Understanding Etfs Types Benefits and Strategies

Understanding ETFs: Types, Benefits, and Strategies

The investing world can be intimidating for newcomers, filled with complex jargon and seemingly endless options. But fear not, intrepid investor! 

Did you know that the global AUM of the ETF market increased from $75 billion in 2021 to $82 billion in 2022, according to data published by Mirae? Exchange-traded funds, or ETFs, have seen a rapid increase in popularity, but for many novice investors, the world of ETFs is still full of confusing terminology. 

Let’s explain why a beginner investor should consider investing in ETFs.

What Are ETFs?

Exchange-traded Funds or ETFs, are a type of investment fund traded on a stock exchange. They can also be used to track particular stock investment strategies. Investors can use various exchange-traded funds (ETFs) to generate income, speculate, buy up stocks, and reduce or partially offset portfolio risk. 

Like a mutual fund, an exchange-traded fund (ETF) combines money from numerous participants and uses it to buy various assets, including stocks, bonds, and commodities.

ETFs have a special feature that distinguishes them from mutual funds: they may be traded all day, just like individual stocks. But what distinguishes them from traditional mutual funds?

Key Difference Between ETFs and Mutual Funds

Features ETFs Mutual Funds 
Trading  Throughout the day End of trading day
Liquidity High Lower
Costs Lower Expense Ratios Higher Expense Ratios

How Do ETFs Work?

ETFs operate with a unique structure:

  • Pooling Investments

Similar to other investment funds, ETFs collect money from several investors. 

  • Underlying Assets

This pooled money is used to purchase assets that reflect a particular index, such as the Nifty 50 or a sector-specific index.

  • Sampling

Not every ETF that tracks an index owns every asset in the index. Rather, they build a portfolio that closely replicates the index’s performance using a sampling approach.

  • Market Makers

ETFs include market makers, who are usually big brokerage firms, to guarantee liquidity. These market makers can issue and redeem sizable blocks of ETF shares to keep supply and demand in check and the market price near the NAV of the ETF.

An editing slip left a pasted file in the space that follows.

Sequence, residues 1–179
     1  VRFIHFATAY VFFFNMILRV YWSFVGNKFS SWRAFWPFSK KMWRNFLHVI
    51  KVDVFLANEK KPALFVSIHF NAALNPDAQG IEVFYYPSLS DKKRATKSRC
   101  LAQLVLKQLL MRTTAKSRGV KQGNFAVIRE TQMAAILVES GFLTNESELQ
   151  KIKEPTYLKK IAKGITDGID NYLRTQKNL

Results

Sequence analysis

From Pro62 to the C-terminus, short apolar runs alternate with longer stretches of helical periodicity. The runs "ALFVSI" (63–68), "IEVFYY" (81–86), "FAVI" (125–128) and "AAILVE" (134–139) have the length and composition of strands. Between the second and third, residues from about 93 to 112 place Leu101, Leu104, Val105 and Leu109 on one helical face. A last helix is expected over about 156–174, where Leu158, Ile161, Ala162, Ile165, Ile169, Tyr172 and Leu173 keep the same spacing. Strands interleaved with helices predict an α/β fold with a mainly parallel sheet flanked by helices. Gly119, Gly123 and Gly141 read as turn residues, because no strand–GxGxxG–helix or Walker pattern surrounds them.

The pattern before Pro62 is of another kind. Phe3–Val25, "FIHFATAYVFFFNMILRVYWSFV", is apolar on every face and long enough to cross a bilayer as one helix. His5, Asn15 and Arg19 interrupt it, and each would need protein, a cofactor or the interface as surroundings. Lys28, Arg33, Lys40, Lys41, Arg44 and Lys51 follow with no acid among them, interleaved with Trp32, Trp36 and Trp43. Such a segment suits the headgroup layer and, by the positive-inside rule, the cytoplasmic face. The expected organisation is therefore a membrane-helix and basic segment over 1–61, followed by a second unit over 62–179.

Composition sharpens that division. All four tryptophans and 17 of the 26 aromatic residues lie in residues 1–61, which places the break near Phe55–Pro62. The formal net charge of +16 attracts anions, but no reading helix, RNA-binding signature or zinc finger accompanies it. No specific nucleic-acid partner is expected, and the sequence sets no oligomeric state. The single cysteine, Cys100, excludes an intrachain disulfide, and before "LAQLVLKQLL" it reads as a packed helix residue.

Types of ETFs

ETFs are as varied as a busy marketplace in India. They serve various market niches, which reflects the wide range of accessible investment alternatives. ETFs can be roughly categorized into a number of groups based on the asset type they concentrate on: 

  • Sector ETFs

These exchange-traded funds (ETFs) concentrate on particular economic sectors, including financial services, healthcare, and technology. They allow investors to finance an industry without owning individual stocks. 

If you think India’s technology sector will expand, investing in a tech sector exchange-traded fund (ETF) may be a wise choice.

  • Commodity ETFs

Commodity exchange-traded Funds (ETFs) provide exposure to various physical commodities, like gold, silver, crude oil, and agricultural products. By investing in these ETFs, you can profit from price changes without owning the commodities.

  • Bond ETFs

Through their bond investments, these ETFs offer exposure to the fixed-income market. They provide investors with an easy option to expand their bond holdings without purchasing individual bonds.

  • International ETFs

By giving investors access to outside markets, these exchange-traded funds (ETFs) enable portfolio diversification beyond Indian markets. As a safeguard against the volatility of domestic markets, an international exchange-traded fund (ETF) may provide exposure to the United States or European stock markets.

  • Thematic ETFs

Thematic exchange-traded funds (ETFs) are focused on particular themes or trends, including e-commerce, artificial intelligence, or sustainable energy. Investors can get exposure to sectors or businesses they think will outperform the overall market in the long run by purchasing these exchange-traded funds (ETFs).

With the range of ETFs available, investors can create a portfolio that fits their interests, investing goals, and risk tolerance.

  • Bitcoin ETFs

In 2024, the SEC approved the spot Bitcoin ETF. By allowing investors to purchase and hold bitcoins as the underlying asset and purchase fund shares, these exchange-traded funds (ETFs) expose investors to fluctuations in the price of bitcoin in their traditional brokerage accounts.